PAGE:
Dale Theatre

189 W. 231st Street,
Bronx, NY 10463

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Dale Theatre

The Dale opened in the 30s, located in the Riverdale area of the Bronx on 231st Street near Broadway. The Art Deco-style movie house closed in the mid-90s and today is used as a bingo hall, a diner and a furniture warehouse.

Contributed by Bryan Krefft

Recent comments (view all 17 comments)

Kearon on October 6, 2005 at 8:44 am

There was a bomb explosion in the Dale Theater as well as in the Loew’s Paradise on the Grand Concourse [188th St]. The bombs went off within minutes of one another at about 9:30 PM. The Dale was showing Cactus Flower – the Loew’s showed the Liberation of L. B. Jones. 10 people were injured at the Dale – where the more serious of the explosions occurred – one at the Loew’s. There was an article in the NY Times on 3 May 1970 entitled: Bronx Bombing Scored by Mayor. The NY Daily News had a picture of a local Catholic grammar school teacher being carried out by two firemen. He taught at St. John’s on Godwin Terrace.

I’ve been out of the area since 1991 – I am surprise to here from the above account that the place was bombed again in the 1990s.

I was eleven at the time and back then there were rumors of it being a targeted attack. I’ve done some digging lately out of curiosity and had been unaware of the second bomb at the Loew’s Paradise. Was that the theater right on the Concourse with the grat clock and steam driven figures [St George and the dragon] and the great ceiling similiar to Grand Central Station?

darkpitch on September 17, 2006 at 7:53 am

It closed around late 1993. I was a high school student from the nearby JFK High School and the last movie I saw there was “Needful Things” around the time. I remember watching “Batman”, “Passenger 57”, “Terminator 2: Judgement Day”, “Ghostbusters II”, and “Rapid Fire”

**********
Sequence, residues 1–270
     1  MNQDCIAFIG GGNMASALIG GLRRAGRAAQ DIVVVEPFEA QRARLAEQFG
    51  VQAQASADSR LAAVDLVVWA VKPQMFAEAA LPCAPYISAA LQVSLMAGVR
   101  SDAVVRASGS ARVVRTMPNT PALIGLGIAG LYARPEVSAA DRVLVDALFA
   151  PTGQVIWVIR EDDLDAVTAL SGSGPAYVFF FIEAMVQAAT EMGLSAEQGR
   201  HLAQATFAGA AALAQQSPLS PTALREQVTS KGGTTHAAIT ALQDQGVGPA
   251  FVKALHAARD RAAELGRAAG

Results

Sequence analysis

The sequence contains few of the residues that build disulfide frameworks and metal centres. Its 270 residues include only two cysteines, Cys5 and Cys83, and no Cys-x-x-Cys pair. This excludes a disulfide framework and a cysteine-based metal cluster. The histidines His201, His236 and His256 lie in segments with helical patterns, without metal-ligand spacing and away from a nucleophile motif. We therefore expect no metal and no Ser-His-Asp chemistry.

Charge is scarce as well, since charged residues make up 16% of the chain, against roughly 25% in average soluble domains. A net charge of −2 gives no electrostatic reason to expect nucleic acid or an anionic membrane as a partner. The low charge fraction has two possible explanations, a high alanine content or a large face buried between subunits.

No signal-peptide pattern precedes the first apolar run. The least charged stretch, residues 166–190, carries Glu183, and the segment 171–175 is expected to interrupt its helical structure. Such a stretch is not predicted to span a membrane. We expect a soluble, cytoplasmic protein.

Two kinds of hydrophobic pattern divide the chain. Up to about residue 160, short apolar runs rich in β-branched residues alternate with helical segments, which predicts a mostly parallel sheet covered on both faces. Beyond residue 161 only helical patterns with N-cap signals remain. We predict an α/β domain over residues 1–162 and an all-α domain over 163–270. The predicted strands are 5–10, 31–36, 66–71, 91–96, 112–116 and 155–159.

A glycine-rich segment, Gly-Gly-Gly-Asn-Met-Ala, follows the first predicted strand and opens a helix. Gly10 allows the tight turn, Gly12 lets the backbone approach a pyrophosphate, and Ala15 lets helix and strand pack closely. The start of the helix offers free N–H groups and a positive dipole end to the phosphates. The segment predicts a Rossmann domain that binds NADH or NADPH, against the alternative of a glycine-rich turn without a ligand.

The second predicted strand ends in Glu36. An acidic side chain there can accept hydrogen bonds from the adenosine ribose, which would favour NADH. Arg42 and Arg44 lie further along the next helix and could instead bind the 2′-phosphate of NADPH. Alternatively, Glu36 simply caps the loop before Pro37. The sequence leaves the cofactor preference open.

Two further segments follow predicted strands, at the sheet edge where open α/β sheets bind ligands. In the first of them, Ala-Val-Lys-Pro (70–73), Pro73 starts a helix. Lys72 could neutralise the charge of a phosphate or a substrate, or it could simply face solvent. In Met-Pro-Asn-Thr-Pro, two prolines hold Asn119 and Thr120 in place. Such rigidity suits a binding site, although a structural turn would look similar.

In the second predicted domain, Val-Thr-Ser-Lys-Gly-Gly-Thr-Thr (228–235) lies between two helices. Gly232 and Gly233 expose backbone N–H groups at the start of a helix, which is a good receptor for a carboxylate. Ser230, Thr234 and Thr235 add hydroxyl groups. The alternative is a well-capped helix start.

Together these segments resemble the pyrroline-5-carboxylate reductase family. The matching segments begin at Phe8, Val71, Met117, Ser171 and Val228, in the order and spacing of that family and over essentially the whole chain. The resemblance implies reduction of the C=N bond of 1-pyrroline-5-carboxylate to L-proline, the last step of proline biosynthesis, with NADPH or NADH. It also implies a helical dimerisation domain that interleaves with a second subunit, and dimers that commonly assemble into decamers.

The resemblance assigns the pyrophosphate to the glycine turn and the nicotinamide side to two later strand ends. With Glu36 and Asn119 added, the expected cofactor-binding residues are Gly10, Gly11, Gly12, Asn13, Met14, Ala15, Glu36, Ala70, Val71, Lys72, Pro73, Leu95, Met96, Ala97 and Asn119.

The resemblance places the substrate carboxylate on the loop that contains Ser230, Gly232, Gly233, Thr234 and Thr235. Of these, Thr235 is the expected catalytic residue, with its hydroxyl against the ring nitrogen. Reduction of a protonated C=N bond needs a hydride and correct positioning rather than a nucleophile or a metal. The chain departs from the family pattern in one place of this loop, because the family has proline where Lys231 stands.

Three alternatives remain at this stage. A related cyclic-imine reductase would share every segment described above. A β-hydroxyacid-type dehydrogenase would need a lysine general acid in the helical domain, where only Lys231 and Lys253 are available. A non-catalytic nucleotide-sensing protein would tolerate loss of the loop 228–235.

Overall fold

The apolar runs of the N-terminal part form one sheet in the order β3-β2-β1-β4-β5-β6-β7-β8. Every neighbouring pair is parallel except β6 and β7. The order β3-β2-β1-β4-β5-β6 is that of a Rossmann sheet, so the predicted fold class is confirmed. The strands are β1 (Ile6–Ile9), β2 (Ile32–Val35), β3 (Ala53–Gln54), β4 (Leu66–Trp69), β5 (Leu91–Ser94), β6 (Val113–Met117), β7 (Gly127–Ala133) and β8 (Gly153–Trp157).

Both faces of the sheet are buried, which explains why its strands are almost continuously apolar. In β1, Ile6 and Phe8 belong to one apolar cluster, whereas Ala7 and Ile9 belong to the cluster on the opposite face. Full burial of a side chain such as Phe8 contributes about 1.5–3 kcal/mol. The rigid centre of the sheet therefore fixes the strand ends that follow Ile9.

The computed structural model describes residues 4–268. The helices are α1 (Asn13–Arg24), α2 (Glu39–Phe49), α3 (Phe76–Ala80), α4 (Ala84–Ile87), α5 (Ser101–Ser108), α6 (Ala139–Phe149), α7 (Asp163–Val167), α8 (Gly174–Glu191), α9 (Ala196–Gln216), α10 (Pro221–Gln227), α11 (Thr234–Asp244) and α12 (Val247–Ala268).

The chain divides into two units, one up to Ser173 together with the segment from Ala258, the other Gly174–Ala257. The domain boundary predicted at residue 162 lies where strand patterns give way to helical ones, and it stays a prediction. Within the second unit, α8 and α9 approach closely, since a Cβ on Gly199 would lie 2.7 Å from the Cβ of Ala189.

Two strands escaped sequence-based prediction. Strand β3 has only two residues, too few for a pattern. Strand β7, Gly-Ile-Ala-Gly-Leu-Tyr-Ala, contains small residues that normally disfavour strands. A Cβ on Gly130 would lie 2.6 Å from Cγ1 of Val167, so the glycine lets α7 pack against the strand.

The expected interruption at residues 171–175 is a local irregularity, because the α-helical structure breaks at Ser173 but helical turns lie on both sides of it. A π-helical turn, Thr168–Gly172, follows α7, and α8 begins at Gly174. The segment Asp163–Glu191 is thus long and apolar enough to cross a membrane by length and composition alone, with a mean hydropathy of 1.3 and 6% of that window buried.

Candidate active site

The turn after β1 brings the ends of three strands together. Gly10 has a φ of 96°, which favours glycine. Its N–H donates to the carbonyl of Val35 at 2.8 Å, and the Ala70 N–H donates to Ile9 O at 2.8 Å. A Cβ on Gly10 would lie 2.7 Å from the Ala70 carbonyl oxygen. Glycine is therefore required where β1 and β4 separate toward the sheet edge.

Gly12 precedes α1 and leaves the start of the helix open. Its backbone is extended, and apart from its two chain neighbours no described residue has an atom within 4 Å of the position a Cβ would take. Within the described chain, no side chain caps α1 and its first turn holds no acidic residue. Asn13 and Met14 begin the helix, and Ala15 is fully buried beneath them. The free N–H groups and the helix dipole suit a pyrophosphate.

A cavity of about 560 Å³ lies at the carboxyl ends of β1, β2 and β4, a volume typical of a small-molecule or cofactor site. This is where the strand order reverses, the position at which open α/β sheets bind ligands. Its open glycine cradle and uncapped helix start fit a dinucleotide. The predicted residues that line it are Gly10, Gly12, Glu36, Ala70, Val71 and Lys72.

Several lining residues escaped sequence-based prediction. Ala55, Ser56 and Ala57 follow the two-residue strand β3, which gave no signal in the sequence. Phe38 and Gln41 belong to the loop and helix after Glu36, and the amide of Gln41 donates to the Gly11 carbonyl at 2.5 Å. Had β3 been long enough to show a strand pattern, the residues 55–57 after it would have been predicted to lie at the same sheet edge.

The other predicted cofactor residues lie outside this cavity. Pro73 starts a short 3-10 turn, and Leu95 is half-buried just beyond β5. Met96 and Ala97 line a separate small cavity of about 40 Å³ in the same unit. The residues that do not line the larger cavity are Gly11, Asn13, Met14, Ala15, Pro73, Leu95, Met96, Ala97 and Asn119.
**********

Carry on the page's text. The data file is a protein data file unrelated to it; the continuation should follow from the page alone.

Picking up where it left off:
RobertR on September 25, 2006 at 6:04 pm

“The Moon is Blue” was famous because it was one of the first major films to go out without the MPAA Seal.
View link

kencmcintyre on July 19, 2008 at 4:21 pm

Here is a photo taken off of Google maps:

Joe Vogel
Joe Vogel on December 13, 2009 at 4:33 am

The Dale Theatre was under construction when it was mentioned in Boxoffice, July 3, 1937. Later issues indicate an opening sometime between August and October that year. It was built for Harry Brandt.

Looking at the photos linked in the previous two comemnts, I fancy the Dale has a strong similarity to the Kent Theatre that was opened in Brooklyn during the same era. Harry Brandt was a partner in the Kent Theatre, which was designed by Charles Sandblom. Could the Dale be another Sandblom design? Boxoffice isn’t telling.

k9thewonderdog on June 8, 2010 at 8:43 am

I was there when the bomb went off during Cactus Flower. I was about 10: it never stopped me from going back for many years. They used to have Disney double features there during the summers.
I was also there when they started showing Midnight Movies, they showed The Rolling Stones – I think it was “Sympathy for the Devil ( bad choice ) there was a riot and the screen was damaged and the little box office out front vandalized.

stang119 on July 1, 2012 at 2:06 pm

I saw “A Woman Under the Influence” at the Dale. They had a ridiculous round illuminated clock on the top left corner of the screen! Not only the time but it said The Dime Savings Bank. Made a long movie even longer!

lynnyfromthebronx on April 25, 2013 at 6:39 pm

I have been looking for the name of this theater for years- I was also there the night of the 1970 bombing during the movie Cactus Flower- it was terrifying- I didn’t go to a movie for a year and never went back to the Dale. I thought the other bombs were in Manhattan that day.I was there with a friend named Gary-he was very helPfull when I froze during the melee.

zoetmb on March 4, 2018 at 12:52 pm

In the 1950s and early 60’s, I lived not far away and went here often. At 560 seats, it would now be one of the largest theaters in NYC, but at the time, it was considered tiny. I was taken by my father to see Fantasia here in 1955, which is the first film I remember seeing in a theater. I also saw “Freud” there around 1962. It tended to play slightly higher-class films than the RKO Marble Hill around the corner, although I think I saw far more films at the RKO. When I got a little older, I’d take the bus to the Loew’s Paradise.

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